I would like to acknowledge a signiﬁcant intellectual debt to Joe Bankman and our sons, Sam and Gabe. When Sam was about fourteen, he emerged from his bedroom one evening and said to me, seemingly out of the blue, “What kind of person dismisses an argument they disagree with by labelling it ‘the Repugnant Conclusion’?” Clearly, things were not as I, in my impoverished imagination, had assumed them to be in our household. Restless minds were at work making sense of the world around them without any help from me. In the years since, both Sam and Gabe have become take-no-prisoners utilitarians, joining their father in that hardy band. I am not (yet?) a card-carrying member myself, but in countless discussions around the kitchen table, literally and ﬁguratively, about the subject of this book, they have taught me at least as much as I have taught them. More importantly, they have shown me by example the nobility of the ethical principle at the heart of utilitarianism: a commitment to the wellbeing of all people, and to counting each person—alive now or in the future, halfway around the world or next door, known or unknown to us—as one.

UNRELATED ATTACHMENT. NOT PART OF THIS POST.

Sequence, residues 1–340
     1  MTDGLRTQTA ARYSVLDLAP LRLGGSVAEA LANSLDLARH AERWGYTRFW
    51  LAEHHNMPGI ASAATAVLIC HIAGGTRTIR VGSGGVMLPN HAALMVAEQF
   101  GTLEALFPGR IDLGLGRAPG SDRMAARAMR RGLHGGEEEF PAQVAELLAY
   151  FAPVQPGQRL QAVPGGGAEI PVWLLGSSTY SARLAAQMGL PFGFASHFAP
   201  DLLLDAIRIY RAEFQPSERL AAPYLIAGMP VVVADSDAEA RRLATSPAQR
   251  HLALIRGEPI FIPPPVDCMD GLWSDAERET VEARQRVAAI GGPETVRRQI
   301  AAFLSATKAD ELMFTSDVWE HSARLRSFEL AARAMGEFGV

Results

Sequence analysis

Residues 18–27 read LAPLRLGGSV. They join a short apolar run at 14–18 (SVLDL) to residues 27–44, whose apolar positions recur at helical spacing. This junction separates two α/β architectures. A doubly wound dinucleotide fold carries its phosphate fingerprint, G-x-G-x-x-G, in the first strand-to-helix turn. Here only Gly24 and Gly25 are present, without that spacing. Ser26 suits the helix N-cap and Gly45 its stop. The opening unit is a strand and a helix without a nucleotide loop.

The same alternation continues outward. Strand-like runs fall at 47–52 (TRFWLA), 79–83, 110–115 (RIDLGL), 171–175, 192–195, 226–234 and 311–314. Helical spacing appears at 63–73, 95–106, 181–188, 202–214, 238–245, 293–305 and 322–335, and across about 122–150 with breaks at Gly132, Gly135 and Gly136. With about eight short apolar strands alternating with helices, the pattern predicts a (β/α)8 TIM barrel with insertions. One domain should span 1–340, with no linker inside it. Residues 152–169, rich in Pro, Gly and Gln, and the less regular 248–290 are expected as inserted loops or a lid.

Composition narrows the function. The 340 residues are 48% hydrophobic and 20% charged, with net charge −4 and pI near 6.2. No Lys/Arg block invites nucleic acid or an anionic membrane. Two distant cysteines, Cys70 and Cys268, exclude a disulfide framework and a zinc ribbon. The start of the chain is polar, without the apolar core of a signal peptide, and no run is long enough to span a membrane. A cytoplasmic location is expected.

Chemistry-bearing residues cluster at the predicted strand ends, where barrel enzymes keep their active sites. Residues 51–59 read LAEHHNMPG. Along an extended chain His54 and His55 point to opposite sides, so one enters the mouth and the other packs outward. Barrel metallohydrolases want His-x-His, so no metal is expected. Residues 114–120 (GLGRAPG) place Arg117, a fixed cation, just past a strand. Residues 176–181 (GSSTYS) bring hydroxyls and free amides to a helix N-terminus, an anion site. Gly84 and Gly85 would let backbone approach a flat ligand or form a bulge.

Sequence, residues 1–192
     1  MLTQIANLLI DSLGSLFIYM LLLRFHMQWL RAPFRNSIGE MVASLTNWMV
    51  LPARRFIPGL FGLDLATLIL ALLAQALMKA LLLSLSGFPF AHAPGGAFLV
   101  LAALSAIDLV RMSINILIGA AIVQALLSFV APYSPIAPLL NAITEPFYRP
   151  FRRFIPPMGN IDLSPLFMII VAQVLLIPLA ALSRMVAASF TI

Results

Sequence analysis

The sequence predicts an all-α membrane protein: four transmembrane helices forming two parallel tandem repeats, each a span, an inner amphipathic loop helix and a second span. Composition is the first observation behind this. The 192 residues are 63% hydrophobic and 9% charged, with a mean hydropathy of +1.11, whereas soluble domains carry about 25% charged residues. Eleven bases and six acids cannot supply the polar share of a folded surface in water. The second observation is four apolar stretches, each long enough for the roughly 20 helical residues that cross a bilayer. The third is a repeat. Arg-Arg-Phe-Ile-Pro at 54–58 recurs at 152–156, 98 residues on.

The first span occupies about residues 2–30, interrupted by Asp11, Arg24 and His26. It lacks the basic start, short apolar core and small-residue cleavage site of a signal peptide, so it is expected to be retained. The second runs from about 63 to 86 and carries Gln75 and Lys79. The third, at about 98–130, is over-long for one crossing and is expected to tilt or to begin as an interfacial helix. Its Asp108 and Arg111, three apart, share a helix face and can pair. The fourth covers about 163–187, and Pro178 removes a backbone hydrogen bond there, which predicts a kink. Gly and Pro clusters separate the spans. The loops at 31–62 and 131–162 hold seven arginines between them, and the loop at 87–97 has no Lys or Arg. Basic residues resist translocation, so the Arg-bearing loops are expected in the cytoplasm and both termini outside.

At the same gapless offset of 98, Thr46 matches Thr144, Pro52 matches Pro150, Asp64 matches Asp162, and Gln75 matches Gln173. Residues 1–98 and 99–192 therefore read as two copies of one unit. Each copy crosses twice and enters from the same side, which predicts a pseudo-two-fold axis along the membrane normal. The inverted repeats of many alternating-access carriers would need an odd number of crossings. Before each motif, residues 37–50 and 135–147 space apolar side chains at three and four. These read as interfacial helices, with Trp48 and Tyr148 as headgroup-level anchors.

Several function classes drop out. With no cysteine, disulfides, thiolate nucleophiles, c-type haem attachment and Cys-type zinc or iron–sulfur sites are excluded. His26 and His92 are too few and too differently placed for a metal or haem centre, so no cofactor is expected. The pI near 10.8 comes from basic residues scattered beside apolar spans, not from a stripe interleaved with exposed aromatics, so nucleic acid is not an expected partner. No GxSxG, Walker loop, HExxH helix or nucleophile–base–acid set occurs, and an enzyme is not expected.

Barbara Fried, Facing Up to Scarcity: The Logic and Limits of Nonconsequentialist Thought, Oxford, 2020, p. xv